3 Health Sites for Women Only

Bea Boomer’s Vital Aging Project – Day 41 – 4/6/15

The Center for Young Women’s Health – According to its About page, the Center’s objective is to provide teen girls and young women with well-researched health information relating to both physical/emotional development and diseases/conditions. This site is also a non-commercial site; a partnership among three medical divisions of the Boston Children’s Hospital.  There are resources for both health care professionals and parents.  An example of an article from the site’s emotional health category: Anxiety

Medline Plus – Women’s Health – a website from the National Institutes of Health, produced by the National Library of Medicine.  This site provides trusted information specific to women’s unique health concerns. The site is uncluttered and easy to maneuver; it’s also updated on a regular basis.  You can sign up for women’s health updates.  An example of what you’ll find here: Osteoporosis, the Bone ThiefThe site also provides a variety of videos and fun tools, which can be found here. 

 Society for Women’s Health Research – Founded in 1990, by a group of health professionals, the site is currently celebrating its 25th anniversary of research and advocacy for women’s unique health diseases and concerns.  Resources include women’s health topics from A – Z, clinical trials, public education, and videos. There is a link describing SWHR’s advocacy issues, and how women can take action for themselves. Example of what can be found at the site: (under the Public Education link) Research on breast cancer recurrence. SWHR can be found on Facebook and Twitter.  

Grandmother with adult daughter and grandchild in park










10 Ways to Enhance your Social Wellness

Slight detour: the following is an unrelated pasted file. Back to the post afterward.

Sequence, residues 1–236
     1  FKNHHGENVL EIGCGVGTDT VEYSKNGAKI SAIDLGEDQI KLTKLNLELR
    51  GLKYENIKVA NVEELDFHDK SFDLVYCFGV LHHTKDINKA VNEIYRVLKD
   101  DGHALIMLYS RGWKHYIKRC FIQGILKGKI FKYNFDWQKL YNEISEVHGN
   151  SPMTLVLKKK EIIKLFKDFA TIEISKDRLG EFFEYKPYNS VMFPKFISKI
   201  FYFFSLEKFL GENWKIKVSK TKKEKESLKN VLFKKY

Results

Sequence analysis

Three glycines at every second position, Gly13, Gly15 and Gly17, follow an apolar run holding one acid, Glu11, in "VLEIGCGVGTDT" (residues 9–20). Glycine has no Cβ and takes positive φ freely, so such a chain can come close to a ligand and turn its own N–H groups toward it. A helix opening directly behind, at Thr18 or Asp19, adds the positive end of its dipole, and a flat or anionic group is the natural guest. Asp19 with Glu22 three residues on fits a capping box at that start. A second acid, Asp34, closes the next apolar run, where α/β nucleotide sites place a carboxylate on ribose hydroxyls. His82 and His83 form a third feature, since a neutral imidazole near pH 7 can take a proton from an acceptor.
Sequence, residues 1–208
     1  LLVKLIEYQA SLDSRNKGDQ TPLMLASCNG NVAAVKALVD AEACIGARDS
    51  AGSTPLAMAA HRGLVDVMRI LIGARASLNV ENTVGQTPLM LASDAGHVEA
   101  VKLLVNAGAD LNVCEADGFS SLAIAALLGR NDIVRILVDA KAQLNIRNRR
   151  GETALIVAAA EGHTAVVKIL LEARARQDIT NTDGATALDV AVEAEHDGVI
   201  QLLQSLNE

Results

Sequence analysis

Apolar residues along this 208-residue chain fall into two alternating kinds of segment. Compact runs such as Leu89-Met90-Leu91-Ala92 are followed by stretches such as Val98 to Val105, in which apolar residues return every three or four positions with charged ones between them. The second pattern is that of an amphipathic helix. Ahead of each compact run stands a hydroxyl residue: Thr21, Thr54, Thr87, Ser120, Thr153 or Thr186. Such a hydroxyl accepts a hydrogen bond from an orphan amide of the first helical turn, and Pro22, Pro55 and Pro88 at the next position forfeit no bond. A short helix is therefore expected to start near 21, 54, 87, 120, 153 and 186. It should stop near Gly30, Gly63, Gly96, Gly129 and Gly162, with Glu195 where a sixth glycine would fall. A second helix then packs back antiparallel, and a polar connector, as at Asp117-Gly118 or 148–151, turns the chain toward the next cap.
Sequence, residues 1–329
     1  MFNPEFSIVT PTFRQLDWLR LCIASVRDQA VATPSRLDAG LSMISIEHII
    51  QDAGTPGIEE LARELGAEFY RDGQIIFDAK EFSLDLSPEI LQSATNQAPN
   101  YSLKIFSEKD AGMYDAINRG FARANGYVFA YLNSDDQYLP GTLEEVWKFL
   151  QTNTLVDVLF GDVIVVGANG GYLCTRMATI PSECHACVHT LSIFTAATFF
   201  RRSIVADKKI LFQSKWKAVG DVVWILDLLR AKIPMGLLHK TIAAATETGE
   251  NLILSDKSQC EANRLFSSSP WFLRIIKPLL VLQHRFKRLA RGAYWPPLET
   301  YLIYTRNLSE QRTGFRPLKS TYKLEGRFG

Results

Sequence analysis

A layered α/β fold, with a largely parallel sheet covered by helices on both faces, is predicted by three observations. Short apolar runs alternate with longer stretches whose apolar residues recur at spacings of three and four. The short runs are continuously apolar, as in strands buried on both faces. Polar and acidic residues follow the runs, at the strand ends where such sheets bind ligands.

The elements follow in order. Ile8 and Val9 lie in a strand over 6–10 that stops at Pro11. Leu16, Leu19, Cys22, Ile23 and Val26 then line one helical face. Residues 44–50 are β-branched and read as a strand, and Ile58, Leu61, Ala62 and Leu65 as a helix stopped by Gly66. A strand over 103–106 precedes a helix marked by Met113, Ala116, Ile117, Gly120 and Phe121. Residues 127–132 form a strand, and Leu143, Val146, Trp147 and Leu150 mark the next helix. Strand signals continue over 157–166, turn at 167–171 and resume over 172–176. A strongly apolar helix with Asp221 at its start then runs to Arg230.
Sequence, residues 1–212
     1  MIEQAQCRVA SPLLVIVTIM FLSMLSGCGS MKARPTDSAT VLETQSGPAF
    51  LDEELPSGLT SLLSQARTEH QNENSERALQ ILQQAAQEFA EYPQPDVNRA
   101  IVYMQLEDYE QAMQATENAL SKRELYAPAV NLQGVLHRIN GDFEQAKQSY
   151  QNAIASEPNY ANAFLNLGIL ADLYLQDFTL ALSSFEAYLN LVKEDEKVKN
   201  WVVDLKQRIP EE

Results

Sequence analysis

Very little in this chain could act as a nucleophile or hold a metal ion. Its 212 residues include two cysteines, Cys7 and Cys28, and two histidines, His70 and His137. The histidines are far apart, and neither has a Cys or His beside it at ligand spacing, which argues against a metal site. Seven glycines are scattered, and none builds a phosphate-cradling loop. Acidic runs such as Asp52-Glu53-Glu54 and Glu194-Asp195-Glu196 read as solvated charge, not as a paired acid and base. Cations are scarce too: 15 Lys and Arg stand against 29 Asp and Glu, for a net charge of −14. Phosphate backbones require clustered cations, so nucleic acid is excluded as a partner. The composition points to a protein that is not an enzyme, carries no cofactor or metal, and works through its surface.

Bea’s Wellness Project – Day 15 – 2/6/15



Bea’s Buzz for Friday:

How to “bee” happier and enhance your social wellness:

1.  Be kind to someone else, quietly.

2.  Don’t speak; simply listen.

3.  Pay attention to your kids; give them your presence.

4.  Send a loved one an “un-birthday” card – just to show you’re thinking about them.

5.  Put yourself in someone else’s shoes for a few moments.

6.  Volunteer at an animal shelter.

7.  Help a neighbor.

8. Collect food for a local food pantry.

9. Have a kid in college?  Send ’em a care package.

10. Call a friend, just to chat.

 Friday’s Quote:

When you arise in the morning, think of what a precious privilege it is to be alive – to breathe, to think, to enjoy, to love. (Marcus Aurelius)

May Recommend: LifeGoesStrong



Recently, while aimlessly wandering around the internet, I  stumbled upon the LifeGoesStrong website, which is actually a network of sites aimed at those of us in the 45-65 age group.  A boomer goldmine!


I love finding sites I can relate to and that provide the kind of stuff I want to read!
Sections within this site include:

  • TechGoesStrong – Provides personal tech experts for those of us who are un-techy.  (Ok, that last word isn’t in the dictionary, I just made it up)
  • StyleGoesStrong – Who doesn’t want to look good?  The style experts help us do that, with fashion and beauty advice.
  • FamilyGoesStrong – Baby boomers today may be raising kids, becoming grandparents, and taking care of their elders. The family experts share knowledge to help readers improve their family relationships.
  • HealthGoesStrong – My personal favorite, because healthy aging and wellness are a couple of my top priorities. These experts can help with midlife questions readers may have, as well as provide information about diet, nutrition  and exercise.